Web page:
In the dusky light of a long-forgotten chapel, where the air hung heavy with the scent of incense and old wood, a man named Thomas knelt before a neglected altar. His hands were clasped tightly together, fingers entwined with the desperation of a soul on the brink. The stained glass windows cast colorful shadows over him, painting his worn face in hues of sorrow and longing.

“Higher Power,” Thomas began, his voice a hoarse whisper that echoed slightly in the vast emptiness of the chapel. “I come to you a broken man, tethered to a bottle that is both my savior and my curse.”

For years, Thomas had wrestled with the demon of alcohol, finding in its numbing embrace a temporary reprieve from the relentless ache of existence. Sobriety brought him face to face with the cold, harsh realities he longed to forget, and each attempt to live without his crutch left him more desolate than the last.

“I’ve tried, Lord, oh how I’ve tried to walk the path of sobriety,” he continued, his voice breaking as the weight of his failures bore down upon him. “But cold grace is not for me. It’s a relentless winter, an endless expanse of ice that chills me to my very core.”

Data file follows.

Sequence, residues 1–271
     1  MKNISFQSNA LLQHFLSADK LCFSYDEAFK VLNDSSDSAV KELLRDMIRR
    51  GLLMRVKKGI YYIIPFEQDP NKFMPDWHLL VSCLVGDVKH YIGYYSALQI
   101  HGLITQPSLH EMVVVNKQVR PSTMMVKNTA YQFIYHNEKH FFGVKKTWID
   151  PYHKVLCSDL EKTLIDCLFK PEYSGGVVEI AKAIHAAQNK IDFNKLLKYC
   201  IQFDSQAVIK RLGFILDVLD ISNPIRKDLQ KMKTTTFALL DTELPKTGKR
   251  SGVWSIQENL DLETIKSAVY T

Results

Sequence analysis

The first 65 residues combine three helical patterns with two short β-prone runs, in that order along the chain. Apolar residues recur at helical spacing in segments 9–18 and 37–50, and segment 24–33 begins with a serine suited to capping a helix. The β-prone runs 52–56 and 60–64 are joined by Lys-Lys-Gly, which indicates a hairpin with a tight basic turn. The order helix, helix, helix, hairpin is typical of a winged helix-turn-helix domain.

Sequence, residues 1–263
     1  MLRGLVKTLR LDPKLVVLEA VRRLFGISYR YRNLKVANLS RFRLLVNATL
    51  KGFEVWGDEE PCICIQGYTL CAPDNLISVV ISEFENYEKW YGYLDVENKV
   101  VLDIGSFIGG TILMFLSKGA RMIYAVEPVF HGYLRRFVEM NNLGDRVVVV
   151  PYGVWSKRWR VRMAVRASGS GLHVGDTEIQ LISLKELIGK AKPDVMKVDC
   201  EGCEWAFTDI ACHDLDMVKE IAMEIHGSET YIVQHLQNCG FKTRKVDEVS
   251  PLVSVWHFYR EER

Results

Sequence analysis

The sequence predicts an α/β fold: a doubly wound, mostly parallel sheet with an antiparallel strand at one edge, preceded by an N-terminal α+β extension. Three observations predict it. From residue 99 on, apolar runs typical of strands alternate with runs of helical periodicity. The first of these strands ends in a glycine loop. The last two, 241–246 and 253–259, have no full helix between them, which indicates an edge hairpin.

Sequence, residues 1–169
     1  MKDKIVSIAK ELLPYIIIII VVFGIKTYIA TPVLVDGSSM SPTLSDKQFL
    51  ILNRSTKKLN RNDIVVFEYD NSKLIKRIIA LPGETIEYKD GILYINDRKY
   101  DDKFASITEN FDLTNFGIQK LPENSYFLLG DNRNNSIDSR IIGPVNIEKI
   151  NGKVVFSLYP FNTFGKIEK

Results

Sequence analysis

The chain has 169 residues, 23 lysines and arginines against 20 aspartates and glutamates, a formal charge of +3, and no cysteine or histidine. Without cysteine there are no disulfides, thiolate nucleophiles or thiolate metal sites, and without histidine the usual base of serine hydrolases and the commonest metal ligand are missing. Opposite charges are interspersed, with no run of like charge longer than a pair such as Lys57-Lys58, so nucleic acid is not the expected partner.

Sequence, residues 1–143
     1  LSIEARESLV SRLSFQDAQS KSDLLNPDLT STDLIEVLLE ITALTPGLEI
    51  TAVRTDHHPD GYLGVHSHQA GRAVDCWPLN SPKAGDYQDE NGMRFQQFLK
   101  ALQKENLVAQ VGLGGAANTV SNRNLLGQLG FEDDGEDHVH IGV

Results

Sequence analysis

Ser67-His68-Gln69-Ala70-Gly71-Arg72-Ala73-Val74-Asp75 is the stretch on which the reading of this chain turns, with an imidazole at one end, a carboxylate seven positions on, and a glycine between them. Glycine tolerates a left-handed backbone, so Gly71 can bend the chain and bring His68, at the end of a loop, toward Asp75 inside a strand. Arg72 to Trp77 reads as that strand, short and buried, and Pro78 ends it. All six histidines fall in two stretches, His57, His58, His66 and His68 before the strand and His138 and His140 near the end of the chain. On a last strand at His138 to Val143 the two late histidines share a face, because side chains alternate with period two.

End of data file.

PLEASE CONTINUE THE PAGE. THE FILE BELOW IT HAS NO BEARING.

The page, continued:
A tear traced a path down his cheek, catching the dim light as it fell. “If you cannot lift this burden from me, if I am to be forever haunted by this thirst that knows no quenching, then I beg you, let me remain high. Let the world blur into insignificance, let the pain and the fear and the regret wash away in the tide of intoxication.”

It was a prayer of despair, a plea for relief in any form it might take. The silence that followed his words was suffocating, the sacred space around him holding its breath.

“And yet,” Thomas’s voice softened, a flicker of something fragile stirring in the shadows of his heart, “if there is a way, a path that I have not seen, a method to mend what is broken within me without the agony of absolute abstinence, I pray you reveal it to me.”

He lowered his head, the fight draining out of him, leaving a quiet resignation. As the minutes stretched into hours, the chapel remained silent, the divine response he half-hoped, half-feared not forthcoming. When he finally rose, the first light of dawn was seeping through the windows, casting the world in a new light.

Thomas left the chapel with no miraculous cure, no divine promise of eternal sobriety or everlasting inebriation. Instead, he carried with him a quiet resolve to seek a middle ground, to find balance in a life lived not in the extremes of high or dry, but somewhere in the gentle undulations of being merely human.

Lord Byron